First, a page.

The ABC of reinsurance: Who provides financial protection to insurance companies?
Reinsurance is basically an insurance protection for insurance companies after they have taking up risks from the insured (individuals, corporation and government). Reinsurance is a specialized form of insurance transacted between professionals.
A legal definition of reinsurance was given by Lord Mansfield in the case of Delver v. Barnes (1807) that reinsurance “consists of a new assurance, effected by a new policy, on the same risk which was before insured in order to indemnify the underwriters from their previous subscription; and both policies are in existence at the same time”.
History of reinsurance
The first ever reinsurance contract on records took place in 1370, when an underwriter by name Guiliano Grillo, contracted with others by name Goffredo Benaira and Martino Sacco to reinsure a cover on a ship just part of the voyage from Genoa to Bruges. While Grillo covered the ship through the Mediterranean Sea, he passed the risk to Benaira and Sacco from Cadiz to Bruges. In this instance, Grillo was the reinsured while Benaira and Sacco were the reinsurers.
The Kölnische Rückversicherungs-Gesellschaft (Cologne Reinsurance Company) happens to be the first reinsurance company which was founded in Germany in 1843 after a great fire in Hamburg. After this, several reinsurance companies was also formed in Germany in the second half of 1800s. Most of these companies failed to operate because of high competition.
The Schweizerische Rückversicherungsgesellschaft (Swiss Reinsurance Company) was established in 1863 after the great fire of Glarus. This soon led to the exchange of businesses among reinsurers and insurance companies in Europe. Much of this business was of a reciprocal nature, where the insurance company in one country would exchange business from the insurance company in another country.
While professional reinsurers did not have original insurance business as such, they often created pools of business which could be used for reciprocal purposes. Another well-known reinsurance company is the Münchener Rückversicherungs-Gesellschaft (Munich Reinsurance Company) which was created in 1880.
Reinsurance in Africa
Both insurance and reinsurance were introduced to Africa as our colonial masters swept through the continent of Africa which led to the establishment of local branches. Egypt Re, which has since merged with Misr Insurance company (2008) was the first local reinsurer in Africa (1957) followed by Société Centrale de Réassurance, Morocco (1960).
The second group of national companies were set up mainly between 1972 and 1990: Ghana Re (1972), CCR Algeria (1973). Kenya Re (1973), National Re Sudan (1974), Tunis Re (1981), Sen Re (1988), Namib Re (1998) and Tan Re (2001).
In recent years, some countries have set up or are in the process of setting up their own national carriers such Gabon (SCG Re), Uganda (Uganda Re), Ethiopia (Ethiopia Re), Angola (Ango Re) and Seychelles (Sey Re).
Apart from national reinsurers, regional reinsurers were also set up starting with Africa Re, a clear market leader in Africa, which was established in 1976 by 36 member states of the Organization of the African Unity (OAU) and the AfDB with the aim of reducing the outflow of foreign exchange from the continent and assisting in fostering the development of insurance and reinsurance activities within the African continent. The other regional reinsurers are Cica Re (1982), Zep Re (1990) and Waica Re (2011).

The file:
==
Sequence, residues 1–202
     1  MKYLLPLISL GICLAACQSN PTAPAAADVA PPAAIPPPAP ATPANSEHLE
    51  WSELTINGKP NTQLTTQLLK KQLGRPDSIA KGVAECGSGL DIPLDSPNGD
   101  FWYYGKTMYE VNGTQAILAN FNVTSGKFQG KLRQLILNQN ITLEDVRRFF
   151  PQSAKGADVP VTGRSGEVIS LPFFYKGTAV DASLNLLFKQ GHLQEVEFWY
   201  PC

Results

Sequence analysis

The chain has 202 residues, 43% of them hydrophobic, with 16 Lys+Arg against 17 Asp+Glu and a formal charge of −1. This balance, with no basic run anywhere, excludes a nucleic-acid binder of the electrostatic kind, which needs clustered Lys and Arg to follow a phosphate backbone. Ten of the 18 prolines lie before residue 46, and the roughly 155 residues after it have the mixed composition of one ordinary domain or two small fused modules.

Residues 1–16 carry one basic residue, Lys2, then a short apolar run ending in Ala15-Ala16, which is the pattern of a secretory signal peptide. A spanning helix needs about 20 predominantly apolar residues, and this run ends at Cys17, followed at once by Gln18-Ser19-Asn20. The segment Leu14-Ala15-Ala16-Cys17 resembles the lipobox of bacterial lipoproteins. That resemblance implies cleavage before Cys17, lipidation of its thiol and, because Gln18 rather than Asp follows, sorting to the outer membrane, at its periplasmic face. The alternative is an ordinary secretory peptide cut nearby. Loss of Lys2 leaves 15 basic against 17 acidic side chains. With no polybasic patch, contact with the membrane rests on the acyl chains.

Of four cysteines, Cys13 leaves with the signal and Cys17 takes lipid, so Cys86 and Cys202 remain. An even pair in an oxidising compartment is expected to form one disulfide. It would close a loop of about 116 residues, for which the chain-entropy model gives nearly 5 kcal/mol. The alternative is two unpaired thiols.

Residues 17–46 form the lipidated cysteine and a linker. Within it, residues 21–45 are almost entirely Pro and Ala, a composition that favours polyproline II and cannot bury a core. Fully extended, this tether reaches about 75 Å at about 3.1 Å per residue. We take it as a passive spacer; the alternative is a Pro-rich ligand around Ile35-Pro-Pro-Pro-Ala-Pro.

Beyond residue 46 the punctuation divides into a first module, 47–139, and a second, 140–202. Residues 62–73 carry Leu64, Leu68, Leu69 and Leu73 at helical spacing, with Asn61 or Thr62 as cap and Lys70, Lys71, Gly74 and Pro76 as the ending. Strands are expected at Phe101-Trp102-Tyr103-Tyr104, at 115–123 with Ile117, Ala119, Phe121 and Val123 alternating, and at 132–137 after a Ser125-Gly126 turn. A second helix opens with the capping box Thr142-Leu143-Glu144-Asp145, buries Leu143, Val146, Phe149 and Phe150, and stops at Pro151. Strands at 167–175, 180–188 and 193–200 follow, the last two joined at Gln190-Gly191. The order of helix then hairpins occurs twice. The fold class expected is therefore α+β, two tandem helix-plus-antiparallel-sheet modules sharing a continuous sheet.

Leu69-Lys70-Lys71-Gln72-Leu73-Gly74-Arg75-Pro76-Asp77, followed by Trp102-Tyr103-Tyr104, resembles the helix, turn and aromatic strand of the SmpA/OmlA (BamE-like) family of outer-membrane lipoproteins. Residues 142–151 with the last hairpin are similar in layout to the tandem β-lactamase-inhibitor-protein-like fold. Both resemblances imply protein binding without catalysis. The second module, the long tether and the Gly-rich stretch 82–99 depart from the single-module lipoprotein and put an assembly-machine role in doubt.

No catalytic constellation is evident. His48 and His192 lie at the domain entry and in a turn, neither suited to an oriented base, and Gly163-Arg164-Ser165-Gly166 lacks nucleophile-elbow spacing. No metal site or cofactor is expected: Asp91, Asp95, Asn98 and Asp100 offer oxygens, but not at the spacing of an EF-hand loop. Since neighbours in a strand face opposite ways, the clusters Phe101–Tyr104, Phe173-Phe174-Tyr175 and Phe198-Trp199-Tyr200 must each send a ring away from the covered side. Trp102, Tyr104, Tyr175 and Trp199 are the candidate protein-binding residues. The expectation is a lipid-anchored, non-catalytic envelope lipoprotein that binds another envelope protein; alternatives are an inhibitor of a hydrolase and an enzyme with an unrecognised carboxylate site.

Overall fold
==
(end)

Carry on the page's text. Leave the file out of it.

After the wave of state reinsurance companies from 1957 up to 1984, privately owned local reinsurance companies commenced operations starting with Best Re in 1985 in Tunisia, which moved to Malaysia in 2011. Since then, over a dozen private companies have been set up in the continent including Continental Re (Nigeria) in 1987, Mainstream Re (Ghana) in 1995, East Africa Re (Kenya) in 1995, FBC Re (Zimbabwe) in 1995 and FM Re (Zimbabwe).
Reinsurance regulation in Ghana
Insurance and reinsurance operations in Ghana are regulated by the National Insurance Commission (NIC). The activities of all reinsurance companies and contact offices operating in Ghana must comply with the Insurance Act 2021 (Act 1061). This new insurance Act replaces the old insurance Act 2006 (Act 724). The enactment of the new Act is to ensure that insurance regulation in Ghana is in conformity with international regulation and supervisory standards. Conformity to these international standard will increase the competitiveness of Ghana insurance industry on the international market.
The new Act affirms the National Insurance Commission (NIC) as the regulator of insurance and reinsurance activities in Ghana. The regulator is tasked with a responsibility of ensuring efficient and stable insurance market for both insurance and reinsurance operations. The current minimum capital required to set up a reinsurance company in Ghana is GH¢125 million.
Similarities between insurance and reinsurance
|Contract||Contract agreement exists in both insurance and reinsurance market.|